Maryland state education officials are trying to determine the best ways for school districts to help students who may have fallen behind during online learning.
In the midst of the COVID-19 pandemic, the pivot to online learning last spring has forced some students to try to catch up.
“Although some students have responded positively to virtual instruction, for many students and parents, this has been a struggle,” said Maryland Deputy Superintendent Carol Williamson.
Williamson said that while there is not data to show how far some students may be behind, some research shows once back in classrooms, they may need to catch up on three months to a year of lost learning.
Students of color may be impacted the most, because she said they’re more likely to continue with online learning and are less likely to have the devices or internet access as well as the live contact with teachers they need to succeed.
During a virtual meeting of the Maryland State Board of Education on Monday, Williamson said as state school systems continue to decide and in some cases debate when students and teachers should return to the classroom, work is underway to develop evidence-based guidance to school districts on the best ways to help struggling students get to where they need to be.
“In order to get students to the level that they should have been if there had been no disruption to their learning, we will need to improve on opportunities to accelerate their learning,” Williamson said.
Some of the options being considered to overcome what the state is calling “disrupted learning” are ideas being floated or used in other states. Summer programs, a longer school year or even year-round schooling are options under consideration.
Williamson also brought up the concept of establishing of “Acceleration Academies,” which some states are introducing. It’s a group learning format for no more than 12 select students and is led by teachers outside normal school hours.
The program would involve 25 hours of focused learning on single subjects, like math or reading. The academies, Williamson said, have shown to help students recoup three months of lost learning in about one week.
“I think it’s really important to consider that, because when we have breaks and we can provide these kinds of opportunities to students, this may be a good use of some of our tutoring dollars that we’ve had made available to us,” Williamson said.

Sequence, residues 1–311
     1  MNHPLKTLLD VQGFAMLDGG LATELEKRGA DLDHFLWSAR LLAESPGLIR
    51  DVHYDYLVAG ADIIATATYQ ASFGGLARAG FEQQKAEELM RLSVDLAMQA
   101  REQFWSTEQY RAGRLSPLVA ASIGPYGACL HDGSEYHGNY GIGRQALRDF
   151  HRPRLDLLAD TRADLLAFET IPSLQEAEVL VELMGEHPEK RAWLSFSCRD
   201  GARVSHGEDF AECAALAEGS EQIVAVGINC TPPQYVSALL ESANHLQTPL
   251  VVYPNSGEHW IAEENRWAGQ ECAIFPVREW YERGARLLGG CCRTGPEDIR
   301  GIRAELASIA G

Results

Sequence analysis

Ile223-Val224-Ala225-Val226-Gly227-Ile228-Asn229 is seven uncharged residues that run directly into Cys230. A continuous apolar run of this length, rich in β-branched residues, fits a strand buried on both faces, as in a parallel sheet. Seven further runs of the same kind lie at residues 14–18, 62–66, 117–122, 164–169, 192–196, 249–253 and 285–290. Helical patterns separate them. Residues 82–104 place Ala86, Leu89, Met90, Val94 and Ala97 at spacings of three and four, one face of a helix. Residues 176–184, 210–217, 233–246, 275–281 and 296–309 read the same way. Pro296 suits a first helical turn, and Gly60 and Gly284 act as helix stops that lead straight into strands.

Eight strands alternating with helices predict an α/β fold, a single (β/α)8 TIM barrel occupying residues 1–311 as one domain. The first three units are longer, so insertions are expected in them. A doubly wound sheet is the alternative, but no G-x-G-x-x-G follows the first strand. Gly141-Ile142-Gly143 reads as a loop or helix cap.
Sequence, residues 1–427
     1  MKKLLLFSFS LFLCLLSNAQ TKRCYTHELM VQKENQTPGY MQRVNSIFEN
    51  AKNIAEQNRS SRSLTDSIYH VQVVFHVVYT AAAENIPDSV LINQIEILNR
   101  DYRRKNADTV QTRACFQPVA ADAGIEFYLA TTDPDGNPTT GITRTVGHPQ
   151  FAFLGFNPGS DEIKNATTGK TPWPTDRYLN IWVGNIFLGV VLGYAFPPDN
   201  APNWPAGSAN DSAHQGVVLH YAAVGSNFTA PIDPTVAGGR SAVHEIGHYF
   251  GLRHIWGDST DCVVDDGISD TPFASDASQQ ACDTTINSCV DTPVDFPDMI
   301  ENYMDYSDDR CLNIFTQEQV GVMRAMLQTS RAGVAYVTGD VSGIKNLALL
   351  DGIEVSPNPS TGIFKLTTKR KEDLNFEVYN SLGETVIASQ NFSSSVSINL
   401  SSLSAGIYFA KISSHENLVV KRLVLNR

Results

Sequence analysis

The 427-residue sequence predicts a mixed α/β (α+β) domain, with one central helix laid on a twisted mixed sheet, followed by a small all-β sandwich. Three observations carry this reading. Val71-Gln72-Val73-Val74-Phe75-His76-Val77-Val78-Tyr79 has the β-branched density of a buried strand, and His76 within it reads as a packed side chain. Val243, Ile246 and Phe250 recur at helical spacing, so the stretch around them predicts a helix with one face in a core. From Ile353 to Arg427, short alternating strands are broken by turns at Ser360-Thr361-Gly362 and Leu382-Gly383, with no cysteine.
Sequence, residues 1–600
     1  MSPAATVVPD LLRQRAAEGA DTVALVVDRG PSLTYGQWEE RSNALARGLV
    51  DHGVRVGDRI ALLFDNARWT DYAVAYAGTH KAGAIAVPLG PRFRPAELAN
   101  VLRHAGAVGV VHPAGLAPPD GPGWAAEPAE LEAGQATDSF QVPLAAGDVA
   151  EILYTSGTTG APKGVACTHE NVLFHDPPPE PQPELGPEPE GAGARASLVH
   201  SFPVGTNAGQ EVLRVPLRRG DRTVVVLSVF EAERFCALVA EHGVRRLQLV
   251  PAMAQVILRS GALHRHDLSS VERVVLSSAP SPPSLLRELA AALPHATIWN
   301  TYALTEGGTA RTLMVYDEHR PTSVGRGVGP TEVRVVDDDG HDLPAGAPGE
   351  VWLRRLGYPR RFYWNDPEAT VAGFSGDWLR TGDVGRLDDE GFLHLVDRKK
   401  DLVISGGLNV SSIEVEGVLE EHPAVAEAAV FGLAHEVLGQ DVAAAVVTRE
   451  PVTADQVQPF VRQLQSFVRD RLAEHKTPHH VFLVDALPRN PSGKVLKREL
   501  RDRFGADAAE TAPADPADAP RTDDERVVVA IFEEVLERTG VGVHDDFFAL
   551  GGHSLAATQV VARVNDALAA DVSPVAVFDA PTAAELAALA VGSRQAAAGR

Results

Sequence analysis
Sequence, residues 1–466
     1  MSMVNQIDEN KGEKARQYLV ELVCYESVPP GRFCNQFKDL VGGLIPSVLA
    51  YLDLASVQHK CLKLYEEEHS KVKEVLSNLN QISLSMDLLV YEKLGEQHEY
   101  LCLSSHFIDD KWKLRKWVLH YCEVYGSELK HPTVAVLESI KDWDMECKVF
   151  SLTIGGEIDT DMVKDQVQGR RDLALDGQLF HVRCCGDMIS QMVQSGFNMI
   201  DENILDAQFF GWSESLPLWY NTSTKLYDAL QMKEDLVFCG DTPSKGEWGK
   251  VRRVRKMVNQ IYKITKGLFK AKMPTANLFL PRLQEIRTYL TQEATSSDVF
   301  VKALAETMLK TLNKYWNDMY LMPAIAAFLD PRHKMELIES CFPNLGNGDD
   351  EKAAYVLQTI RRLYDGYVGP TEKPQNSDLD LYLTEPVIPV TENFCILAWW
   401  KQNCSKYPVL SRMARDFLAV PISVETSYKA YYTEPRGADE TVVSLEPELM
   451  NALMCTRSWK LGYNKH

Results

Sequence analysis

Acceleration academies would cost about $800 per student.
Such a tutoring program resulted in some concerns for board members when it comes to finding teachers willing to take on the extra job of leading them.
“Back in the day it might have been, yeah, teachers would like to have some extra income, a little extra tutoring, but you know, even summer work, teachers are tired,” said Board Member Dr. Joan Mele-McCarthy.
Williamson also said doing real-time formative assessments, instead of gathering information at the end of quarters or semesters, should be done to see where students truly are.
Since initiatives such as these could be costly, Williamson said the state is looking at ways to offer grants to school systems to help them implement programs that help kids catch up. The state would then monitor the programs instituted with the grant money to see if they are working.
Williamson also advocated for sustaining early childhood programs, which he said better prepare kids for school and narrows the achievement gap before students begin pre-K.
In the coming days, on its website, the Board of Education will begin hearing from the public on the ideas and accept others. Then, guidance on the best options will be provided to school systems across the state.
During the meeting, board members also got a look at the impact the pandemic has had on enrollment numbers.
According to data collected for Fall 2020, student enrollment went down overall for the first time after steadily rising since 2011. Enrollment dropped by 26,876 students. The biggest decline, of 6.1%, was seen in white students, followed by Black student enrollment falling by 1.3%.
Also, the highest drops can be isolated to the earlier years of education, with 37% fewer children in kindergarten and pre-K classes statewide.
The state doesn’t have data to show how children not enrolled are being educated, whether it be home schooling or private school instruction.
“Anecdotally, what I hear from the superintendents, what they’re telling us is parents are enrolling in private schools,” said State Superintendent Karen Salmon.